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Ringgold Pre-K Program Prepares Students for School For over 35 years, Ringgold School District has provided a summer pre-kindergarten program. Once again in August, over 75 children walked into school a bit more confident and prepared, thanks in part to this program. Coming to Ringgold High School every day for four weeks, the children Students in the Ringgold School District Summer pre-kindergarten proattended sessions of gram listen to a presentation from a local policeman storytelling, music, gym, art, and reading/math readiness. Along with meeting new friends, these students sang and read about nursery rhymes and colors, the farm, creepy crawlies, and wheels. Visits from race cars, ambulances, police cars, and fire trucks proved to be Pre-kindergarten students got to socialize and play exciting events for with their new classmantes these five year olds. Teachers for this program were Laura Boyd, Christy Lewis, Ashli Podrosky, Renee Kinder, Janice Zurenski, and Lugene Calderone. Aides in the program were Kyra Petro, Michelle Repasky, Kelly Kurtis, Bethany Moskal, Gina Ghilani, Kim Zukauckas, Jennifer Cattaneo, Melissa Zurenski, Crystal Turkovich, and Katie Irwin.
St. Joan of Arc School News A Message From New St. Joan of Arc School Principal Welcome to Saint Joan of Arc School! We are a dynamic community of learners, located in the suburban Pittsburgh community of South Park. Now entering our 52nd year, Saint Joan of Arc School has a proven track record of graduating young men and women not only prepared for high school and beyond, but to be persons of faith, whose daily lives show witness to Christ. We have a highly qualified, fully statecertified faculty who continually further their own education through a variety of coursework and in-service programs. Many of our teachers hold advanced degrees. Our students excel in the classroom, participating in a variety of learning opportunities and scoring above average on standardized tests. We offer half and full day kindergarten, daily Religious Instruction, twice weekly Technology classes and some of our graduates place out of Algebra I and Spanish I in high school. Our beautiful school building boasts an updated computer lab with wireless internet access throughout the building as well as an automated school library. Our students participate in a wide variety of extra curricular activities ranging from our renowned Forensics team to our annual Spring Musical. Our athletics program allows our students opportunities to participate in Cross Country, Soccer, Boys and Girls Basketball and cheerleading. I look forward to sharing with you the good news that is Saint Joan of Arc School. Please enjoy your visit to our home on the internet at www.mystjoan.org. Please feel free to contact me directly if I can answer any questions or provide more information at 412833-2433 or firstname.lastname@example.org. Jon Cuniak, Principal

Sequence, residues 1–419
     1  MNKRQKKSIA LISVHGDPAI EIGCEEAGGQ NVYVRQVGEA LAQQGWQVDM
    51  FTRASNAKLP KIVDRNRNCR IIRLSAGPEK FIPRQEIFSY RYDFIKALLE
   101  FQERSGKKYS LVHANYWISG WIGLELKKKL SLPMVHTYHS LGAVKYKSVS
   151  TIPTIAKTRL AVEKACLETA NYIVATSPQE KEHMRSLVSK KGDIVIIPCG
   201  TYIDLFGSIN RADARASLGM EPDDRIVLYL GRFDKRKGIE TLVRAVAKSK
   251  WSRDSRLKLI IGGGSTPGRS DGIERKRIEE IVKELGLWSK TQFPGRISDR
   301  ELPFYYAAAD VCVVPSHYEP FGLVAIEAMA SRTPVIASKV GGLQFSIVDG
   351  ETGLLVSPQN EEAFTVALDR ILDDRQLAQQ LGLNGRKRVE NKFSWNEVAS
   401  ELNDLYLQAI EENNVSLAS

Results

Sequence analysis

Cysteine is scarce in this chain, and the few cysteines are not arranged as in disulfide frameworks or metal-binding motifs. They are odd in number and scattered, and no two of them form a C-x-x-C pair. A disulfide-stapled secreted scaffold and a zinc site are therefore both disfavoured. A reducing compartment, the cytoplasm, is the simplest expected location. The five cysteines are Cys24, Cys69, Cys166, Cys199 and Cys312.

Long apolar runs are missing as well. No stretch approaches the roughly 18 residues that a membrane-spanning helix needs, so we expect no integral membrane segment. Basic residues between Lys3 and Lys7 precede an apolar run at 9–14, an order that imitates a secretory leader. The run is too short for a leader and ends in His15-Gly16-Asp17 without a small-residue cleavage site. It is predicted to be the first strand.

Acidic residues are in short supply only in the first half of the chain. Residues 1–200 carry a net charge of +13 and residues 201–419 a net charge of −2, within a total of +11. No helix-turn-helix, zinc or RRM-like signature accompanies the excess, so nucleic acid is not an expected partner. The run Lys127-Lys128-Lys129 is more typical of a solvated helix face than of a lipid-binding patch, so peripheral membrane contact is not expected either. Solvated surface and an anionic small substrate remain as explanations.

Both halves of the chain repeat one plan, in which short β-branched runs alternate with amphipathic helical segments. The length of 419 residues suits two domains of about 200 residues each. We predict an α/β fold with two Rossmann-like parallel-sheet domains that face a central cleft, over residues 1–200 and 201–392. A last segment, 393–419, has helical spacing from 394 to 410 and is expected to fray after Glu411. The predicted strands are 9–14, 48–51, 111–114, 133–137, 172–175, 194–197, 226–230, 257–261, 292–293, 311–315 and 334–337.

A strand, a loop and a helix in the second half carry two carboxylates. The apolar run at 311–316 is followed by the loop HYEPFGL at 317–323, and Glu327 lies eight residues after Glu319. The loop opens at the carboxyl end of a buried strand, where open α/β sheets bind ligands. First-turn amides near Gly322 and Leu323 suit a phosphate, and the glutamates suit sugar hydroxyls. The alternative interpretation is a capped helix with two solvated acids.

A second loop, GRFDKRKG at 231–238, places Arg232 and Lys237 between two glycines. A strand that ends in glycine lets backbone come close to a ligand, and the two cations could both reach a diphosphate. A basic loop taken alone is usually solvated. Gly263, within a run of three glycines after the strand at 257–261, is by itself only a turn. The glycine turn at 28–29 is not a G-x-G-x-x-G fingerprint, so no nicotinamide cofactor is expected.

New Faces for St Joan of Arc Faculty Pre-kindergarten students get an up-close look at a police car
An EMS worker along with her “mini-ambulance” speaks to the pre-kindergarten students outside of Ringgold High School